Most of us generally understand that our U.S. public education system is a total morass. But what many of you might not know is just how negative our trajectory is: the high school dropout rate has tripled in the past 30 years, the U.S. is ranked 21 out of 27 countries in high school graduations, and each of those dropouts costs this country approximately $260,000.
Scary, right? And anything but positive. So, let’s get to that “positive” part, shall we? I’ve often wondered what our public education system would be like if teachers carried as much clout as lawyers, their pay was similar and so too was their accreditation-needing to pass an exam as difficult as the bar. Teaching, I think we can all agree, is one of the most important jobs in this country. So why don’t we treat it that way? The result is that very few of us (even those with a passion for children and teaching) are using our college education to go back to school and be teachers.
Those who do, I applaud. Those who don’t, I understand-there is little glory these days for the insane amount of work, stress and troubles you would face. But we need talent in the classroom for a sustainable period of time if we want to change the country’s work-force readiness and high school drop out trajectory.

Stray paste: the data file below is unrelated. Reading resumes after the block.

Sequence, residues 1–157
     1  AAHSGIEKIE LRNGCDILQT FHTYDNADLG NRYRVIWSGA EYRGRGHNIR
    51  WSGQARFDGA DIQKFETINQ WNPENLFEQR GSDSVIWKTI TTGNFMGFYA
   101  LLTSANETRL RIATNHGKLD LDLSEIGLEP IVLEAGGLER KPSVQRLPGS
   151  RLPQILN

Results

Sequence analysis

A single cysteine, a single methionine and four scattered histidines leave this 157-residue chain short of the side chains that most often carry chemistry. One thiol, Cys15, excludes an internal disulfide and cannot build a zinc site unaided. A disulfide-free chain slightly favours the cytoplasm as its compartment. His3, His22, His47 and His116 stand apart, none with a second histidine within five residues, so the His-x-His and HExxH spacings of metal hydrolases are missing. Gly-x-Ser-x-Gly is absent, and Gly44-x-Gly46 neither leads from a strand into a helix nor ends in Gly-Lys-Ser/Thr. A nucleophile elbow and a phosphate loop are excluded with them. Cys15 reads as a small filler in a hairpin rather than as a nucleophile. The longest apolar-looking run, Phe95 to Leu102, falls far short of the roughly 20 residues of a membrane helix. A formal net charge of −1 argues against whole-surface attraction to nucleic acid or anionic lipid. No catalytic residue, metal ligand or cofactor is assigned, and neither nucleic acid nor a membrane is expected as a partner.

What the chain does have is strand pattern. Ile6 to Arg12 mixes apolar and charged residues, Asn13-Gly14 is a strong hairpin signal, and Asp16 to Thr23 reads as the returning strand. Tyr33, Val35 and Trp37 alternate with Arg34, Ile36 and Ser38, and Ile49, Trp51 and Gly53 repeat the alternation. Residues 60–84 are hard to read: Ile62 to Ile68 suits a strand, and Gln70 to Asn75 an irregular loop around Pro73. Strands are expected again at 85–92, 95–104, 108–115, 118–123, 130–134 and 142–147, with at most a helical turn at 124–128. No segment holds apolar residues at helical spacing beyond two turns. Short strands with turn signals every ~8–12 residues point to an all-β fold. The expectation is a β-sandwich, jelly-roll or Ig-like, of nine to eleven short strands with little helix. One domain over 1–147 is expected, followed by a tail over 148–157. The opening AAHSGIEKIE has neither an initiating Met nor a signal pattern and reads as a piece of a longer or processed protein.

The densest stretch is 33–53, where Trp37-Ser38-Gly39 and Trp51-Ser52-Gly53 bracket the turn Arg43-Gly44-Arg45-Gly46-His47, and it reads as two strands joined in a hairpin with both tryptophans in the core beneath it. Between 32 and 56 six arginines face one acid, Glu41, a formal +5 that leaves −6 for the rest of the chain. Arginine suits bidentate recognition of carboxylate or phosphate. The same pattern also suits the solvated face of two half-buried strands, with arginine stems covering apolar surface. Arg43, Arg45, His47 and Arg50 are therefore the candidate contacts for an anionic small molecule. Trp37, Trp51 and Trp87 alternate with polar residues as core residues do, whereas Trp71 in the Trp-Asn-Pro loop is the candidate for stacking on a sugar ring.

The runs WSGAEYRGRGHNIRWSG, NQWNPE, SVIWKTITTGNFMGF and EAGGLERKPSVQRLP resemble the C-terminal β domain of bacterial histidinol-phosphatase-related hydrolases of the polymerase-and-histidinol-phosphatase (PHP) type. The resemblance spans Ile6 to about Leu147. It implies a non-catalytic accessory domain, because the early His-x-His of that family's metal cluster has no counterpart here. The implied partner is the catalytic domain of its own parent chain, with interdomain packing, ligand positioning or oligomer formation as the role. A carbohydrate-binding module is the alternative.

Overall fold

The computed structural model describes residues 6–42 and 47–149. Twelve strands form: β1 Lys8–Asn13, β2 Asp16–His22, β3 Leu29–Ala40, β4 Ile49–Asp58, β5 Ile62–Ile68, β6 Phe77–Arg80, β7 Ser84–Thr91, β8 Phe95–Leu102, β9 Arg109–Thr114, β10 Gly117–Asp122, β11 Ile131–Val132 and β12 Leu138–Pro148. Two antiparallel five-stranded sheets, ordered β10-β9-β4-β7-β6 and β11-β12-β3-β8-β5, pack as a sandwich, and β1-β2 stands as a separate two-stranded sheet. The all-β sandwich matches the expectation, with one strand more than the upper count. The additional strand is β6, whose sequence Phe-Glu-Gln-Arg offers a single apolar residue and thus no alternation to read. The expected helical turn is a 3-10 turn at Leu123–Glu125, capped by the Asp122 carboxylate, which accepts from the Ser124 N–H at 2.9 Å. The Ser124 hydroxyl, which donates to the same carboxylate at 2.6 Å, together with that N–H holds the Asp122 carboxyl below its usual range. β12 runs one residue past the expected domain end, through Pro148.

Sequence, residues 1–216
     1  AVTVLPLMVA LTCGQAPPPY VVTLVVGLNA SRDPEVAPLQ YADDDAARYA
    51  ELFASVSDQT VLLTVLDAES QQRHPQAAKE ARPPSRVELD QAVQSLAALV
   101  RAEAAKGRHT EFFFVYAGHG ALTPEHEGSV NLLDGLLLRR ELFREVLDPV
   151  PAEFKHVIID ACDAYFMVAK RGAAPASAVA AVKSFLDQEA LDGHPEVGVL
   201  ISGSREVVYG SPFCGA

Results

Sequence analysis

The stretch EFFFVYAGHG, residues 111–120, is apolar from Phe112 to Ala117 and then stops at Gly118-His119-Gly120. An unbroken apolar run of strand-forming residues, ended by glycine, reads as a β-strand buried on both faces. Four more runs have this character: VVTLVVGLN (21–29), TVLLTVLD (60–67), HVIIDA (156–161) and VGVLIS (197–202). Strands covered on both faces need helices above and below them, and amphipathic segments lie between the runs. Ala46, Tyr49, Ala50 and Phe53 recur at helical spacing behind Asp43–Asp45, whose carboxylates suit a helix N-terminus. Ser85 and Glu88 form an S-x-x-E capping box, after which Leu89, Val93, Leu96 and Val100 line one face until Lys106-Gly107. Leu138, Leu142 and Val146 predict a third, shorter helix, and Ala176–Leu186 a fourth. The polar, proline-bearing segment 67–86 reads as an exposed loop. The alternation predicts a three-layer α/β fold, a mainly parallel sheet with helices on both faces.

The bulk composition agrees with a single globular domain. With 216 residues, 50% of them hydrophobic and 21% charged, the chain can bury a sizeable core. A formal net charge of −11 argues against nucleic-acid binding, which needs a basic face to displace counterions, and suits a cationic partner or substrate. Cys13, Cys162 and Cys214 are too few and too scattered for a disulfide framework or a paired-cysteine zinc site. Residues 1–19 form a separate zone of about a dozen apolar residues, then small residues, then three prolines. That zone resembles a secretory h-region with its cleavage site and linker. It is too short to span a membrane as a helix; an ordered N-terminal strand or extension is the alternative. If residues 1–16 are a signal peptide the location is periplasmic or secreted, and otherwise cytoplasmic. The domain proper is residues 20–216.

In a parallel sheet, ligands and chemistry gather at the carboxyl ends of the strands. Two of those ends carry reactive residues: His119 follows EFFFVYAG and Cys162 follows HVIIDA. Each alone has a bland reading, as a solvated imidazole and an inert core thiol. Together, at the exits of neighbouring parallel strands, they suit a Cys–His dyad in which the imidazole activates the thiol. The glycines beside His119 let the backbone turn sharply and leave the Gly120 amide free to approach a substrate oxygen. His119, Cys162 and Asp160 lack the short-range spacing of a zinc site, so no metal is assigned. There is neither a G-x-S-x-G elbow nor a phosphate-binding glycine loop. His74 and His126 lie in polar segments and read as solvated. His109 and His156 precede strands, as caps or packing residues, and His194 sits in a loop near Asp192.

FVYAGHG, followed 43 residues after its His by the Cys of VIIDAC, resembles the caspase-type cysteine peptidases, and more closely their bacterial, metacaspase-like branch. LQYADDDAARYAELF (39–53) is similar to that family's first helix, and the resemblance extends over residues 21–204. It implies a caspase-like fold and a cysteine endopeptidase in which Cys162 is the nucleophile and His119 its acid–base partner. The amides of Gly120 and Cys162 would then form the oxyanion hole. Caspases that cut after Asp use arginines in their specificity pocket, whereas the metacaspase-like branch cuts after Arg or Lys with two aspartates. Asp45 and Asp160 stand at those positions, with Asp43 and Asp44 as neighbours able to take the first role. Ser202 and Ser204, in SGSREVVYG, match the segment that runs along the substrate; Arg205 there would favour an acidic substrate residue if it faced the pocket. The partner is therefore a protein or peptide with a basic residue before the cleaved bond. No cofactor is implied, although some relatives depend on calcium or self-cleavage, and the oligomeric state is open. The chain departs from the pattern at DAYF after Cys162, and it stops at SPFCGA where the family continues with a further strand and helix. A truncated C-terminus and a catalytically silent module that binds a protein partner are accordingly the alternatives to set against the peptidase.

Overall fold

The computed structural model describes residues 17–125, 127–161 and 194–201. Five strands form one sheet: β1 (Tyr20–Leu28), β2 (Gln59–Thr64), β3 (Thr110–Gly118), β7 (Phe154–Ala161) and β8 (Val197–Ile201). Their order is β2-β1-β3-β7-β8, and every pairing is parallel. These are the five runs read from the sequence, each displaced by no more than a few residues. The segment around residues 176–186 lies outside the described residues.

Welcome to the Billion Dollar Plan for Education
Regardless of your political views, you probably all stand together in the desire to one day be part of the generation running a thriving, successful country. President Obama’s $1 billion announcement yesterday might be the first step in that direction. Obama wants to create a Master Teacher Corps to recruit high-performing math and science teachers that can help keep the U.S. competitive and retain cutting-edge jobs in this country for the long haul.
The program calls for 10,000 teachers over four years, all of who would receive $20,000 stipends in addition to their base salaries. The idea is that this program would attract the best and brightest teachers by rewarding high-performers who would also create a multiplier effect-sharing their knowledge and skills with other teachers and improving student achievement overall.
Who’s footing the bill, and who’s driving?
There would be at least a 4-year participation commitment required from the teachers in the program-so it’s clear that long-term cost is an issue. Of this billion dollar plan, which is still dependent on Congress approving Obama’s budget plan, $100 million has been pledged to be released and available to school districts who have already made effective plans to develop and retain effective teachers of science, technology, engineering, and math (STEM).
While there is much debatable information in this plan such as selection criteria, training, questions of focus (should the program center on basics such as literacy?), and political obstacles, what the plan has already done effectively is to signal the beginning of real change that will attract and retain amazing talent to the public education system–which I think is one of our best shots in improving the trajectory of this country in generations to come.